Odes of Anacreon translated into English Verse, with notes. London, J. Carpenter, 1805.
Fifth Edition. Two volumes, 12mo (152 x 92 mm), engraved frontispiece to each volulme and pp. xv, 158; [ii], 146, slight offsetting towards end of volume two, in contemporary half red morocco over marbled boards, spines (faded) ruled and lettered in gilt, marbled endpapers, spines gilt, with the manuscript booklabel of Josephine Steadman.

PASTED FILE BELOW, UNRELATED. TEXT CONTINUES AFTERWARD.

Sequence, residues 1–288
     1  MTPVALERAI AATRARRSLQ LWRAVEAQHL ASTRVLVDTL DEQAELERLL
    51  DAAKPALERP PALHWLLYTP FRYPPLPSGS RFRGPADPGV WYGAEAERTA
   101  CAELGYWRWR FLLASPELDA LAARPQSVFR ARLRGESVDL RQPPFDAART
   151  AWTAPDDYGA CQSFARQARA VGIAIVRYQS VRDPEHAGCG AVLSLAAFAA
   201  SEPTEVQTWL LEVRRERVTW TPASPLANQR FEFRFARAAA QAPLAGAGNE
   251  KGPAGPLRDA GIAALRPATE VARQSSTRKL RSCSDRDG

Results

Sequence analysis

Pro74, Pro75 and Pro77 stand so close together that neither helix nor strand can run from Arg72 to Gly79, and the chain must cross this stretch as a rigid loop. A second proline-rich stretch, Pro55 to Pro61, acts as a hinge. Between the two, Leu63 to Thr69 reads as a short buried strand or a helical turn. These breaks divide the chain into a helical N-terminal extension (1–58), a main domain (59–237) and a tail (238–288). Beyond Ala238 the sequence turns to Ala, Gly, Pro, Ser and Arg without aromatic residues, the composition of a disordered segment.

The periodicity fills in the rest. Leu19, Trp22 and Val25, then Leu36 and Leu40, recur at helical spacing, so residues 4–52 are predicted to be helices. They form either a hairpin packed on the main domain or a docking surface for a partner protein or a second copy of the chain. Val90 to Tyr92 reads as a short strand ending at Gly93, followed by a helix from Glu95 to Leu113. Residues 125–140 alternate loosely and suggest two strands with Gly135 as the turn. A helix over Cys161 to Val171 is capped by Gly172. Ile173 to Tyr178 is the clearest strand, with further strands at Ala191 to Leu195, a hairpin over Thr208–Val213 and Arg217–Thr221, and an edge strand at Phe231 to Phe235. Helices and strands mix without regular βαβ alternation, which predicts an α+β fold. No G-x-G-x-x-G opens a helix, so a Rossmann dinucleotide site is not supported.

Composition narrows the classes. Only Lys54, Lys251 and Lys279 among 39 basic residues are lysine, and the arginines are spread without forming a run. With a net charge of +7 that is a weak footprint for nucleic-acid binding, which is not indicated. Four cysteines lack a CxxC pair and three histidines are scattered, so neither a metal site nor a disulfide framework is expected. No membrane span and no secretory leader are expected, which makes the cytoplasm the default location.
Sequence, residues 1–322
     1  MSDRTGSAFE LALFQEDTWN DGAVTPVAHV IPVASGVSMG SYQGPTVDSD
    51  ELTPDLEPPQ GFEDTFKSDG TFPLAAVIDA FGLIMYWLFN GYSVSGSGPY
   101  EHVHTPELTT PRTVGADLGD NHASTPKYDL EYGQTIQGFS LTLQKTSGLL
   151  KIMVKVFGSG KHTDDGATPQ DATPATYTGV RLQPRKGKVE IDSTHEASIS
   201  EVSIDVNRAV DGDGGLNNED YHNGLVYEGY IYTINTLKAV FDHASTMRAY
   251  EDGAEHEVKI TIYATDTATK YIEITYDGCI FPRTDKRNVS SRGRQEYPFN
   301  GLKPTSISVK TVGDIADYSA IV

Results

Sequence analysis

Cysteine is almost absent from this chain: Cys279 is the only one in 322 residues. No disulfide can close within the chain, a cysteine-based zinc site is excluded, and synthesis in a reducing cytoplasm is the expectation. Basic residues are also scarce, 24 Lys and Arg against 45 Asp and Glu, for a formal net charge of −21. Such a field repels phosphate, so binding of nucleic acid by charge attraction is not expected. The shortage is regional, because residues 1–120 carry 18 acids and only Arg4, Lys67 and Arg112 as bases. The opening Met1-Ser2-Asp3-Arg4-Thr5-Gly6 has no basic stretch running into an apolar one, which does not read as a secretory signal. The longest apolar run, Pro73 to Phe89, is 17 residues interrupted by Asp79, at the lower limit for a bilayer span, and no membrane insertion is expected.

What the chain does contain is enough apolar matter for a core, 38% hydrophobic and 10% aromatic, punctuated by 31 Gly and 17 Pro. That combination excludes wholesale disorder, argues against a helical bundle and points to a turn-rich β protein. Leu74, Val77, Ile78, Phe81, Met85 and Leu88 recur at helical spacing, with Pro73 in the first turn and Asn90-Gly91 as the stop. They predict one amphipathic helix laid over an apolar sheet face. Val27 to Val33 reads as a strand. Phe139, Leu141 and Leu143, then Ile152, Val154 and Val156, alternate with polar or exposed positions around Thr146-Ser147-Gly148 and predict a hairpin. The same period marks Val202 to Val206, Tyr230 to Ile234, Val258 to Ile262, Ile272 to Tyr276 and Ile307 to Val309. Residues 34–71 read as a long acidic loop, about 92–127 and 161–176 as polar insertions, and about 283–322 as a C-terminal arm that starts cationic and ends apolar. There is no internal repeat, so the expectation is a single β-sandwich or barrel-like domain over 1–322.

A popular verse translation of the Greek lyric poet Anacreon (ca. 570-485 B.C.) by Thomas Moore, an Irish poet best remembered for his best-selling poem The Minstrel Boy. Anacreon was born in Teos, an Ionian city on the coast of Asia Minor. He later moved to Samos and to Athens, where his patron was Hipparchus. His poetry, graceful and elegant, celebrates the joys of wine and love. Little of his verse survives. Anacreontics, poems in the style of Anacreon, were written from Hellenistic to late Byzantine times. This translation is Thomas Moore’s first published volume of verse, was hugely popular and holds a significant place in the genesis of Irish Romanicism.